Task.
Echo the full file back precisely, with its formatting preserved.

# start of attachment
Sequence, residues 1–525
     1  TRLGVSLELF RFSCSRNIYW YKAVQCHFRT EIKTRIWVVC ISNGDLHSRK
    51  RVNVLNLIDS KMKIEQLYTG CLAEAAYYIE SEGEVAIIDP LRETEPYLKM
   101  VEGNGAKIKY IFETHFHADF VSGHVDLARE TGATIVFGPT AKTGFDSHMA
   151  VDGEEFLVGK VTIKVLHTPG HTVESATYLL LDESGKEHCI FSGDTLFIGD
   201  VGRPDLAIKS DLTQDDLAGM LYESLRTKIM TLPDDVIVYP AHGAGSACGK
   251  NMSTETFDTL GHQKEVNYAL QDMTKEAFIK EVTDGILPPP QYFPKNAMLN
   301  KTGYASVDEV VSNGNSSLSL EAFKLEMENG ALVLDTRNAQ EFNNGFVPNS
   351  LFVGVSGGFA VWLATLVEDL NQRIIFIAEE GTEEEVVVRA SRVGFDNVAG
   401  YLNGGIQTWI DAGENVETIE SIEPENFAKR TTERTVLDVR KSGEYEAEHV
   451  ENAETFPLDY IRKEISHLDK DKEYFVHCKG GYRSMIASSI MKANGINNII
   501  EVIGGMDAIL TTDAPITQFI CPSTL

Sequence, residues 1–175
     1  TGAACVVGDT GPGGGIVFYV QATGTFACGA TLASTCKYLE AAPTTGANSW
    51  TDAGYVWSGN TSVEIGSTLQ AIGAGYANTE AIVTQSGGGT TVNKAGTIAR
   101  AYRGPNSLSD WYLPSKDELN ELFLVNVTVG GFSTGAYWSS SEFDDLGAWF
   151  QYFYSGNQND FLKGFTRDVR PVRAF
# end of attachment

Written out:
Sequence, residues 1–525
     1  TRLGVSLELF RFSCSRNIYW YKAVQCHFRT EIKTRIWVVC ISNGDLHSRK
    51  RVNVLNLIDS KMKIEQLYTG CLAEAAYYIE SEGEVAIIDP LRETEPYLKM
   101  VEGNGAKIKY IFETHFHADF VSGHVDLARE TGATIVFGPT AKTGFDSHMA
   151  VDGEEFLVGK VTIKVLHTPG HTVESATYLL LDESGKEHCI FSGDTLFIGD
   201  VGRPDLAIKS DLTQDDLAGM LYESLRTKIM TLPDDVIVYP AHGAGSACGK
   251  NMSTETFDTL GHQKEVNYAL QDMTKEAFIK EVTDGILPPP QYFPKNAMLN
   301  KTGYASVDEV VSNGNSSLSL EAFKLEMENG ALVLDTRNAQ EFNNGFVPNS
   351  LFVGVSGGFA VWLATLVEDL NQRIIFIAEE GTEEEVVVRA SRVGFDNVAG
   401  YLNGGIQTWI DAGENVETIE SIEPENFAKR TTERTVLDVR KSGEYEAEHV
   451  ENAETFPLDY IRKEISHLDK DKEYFVHCKG GYRSMIASSI MKANGINNII
   501  EVIGGMDAIL TTDAPITQFI CPSTL

Sequence, residues 1–175
     1  TGAACVVGDT GPGGGIVFYV QATGTFACGA TLASTCKYLE AAPTTGANSW
    51  TDAGYVWSGN TSVEIGSTLQ AIGAGYANTE AIVTQSGGGT TVNKAGTIAR
   101  AYRGPNSLSD WYLPSKDELN ELFLVNVTVG GFSTGAYWSS SEFDDLGAWF
   151  QYFYSGNQND FLKGFTRDVR PVRAF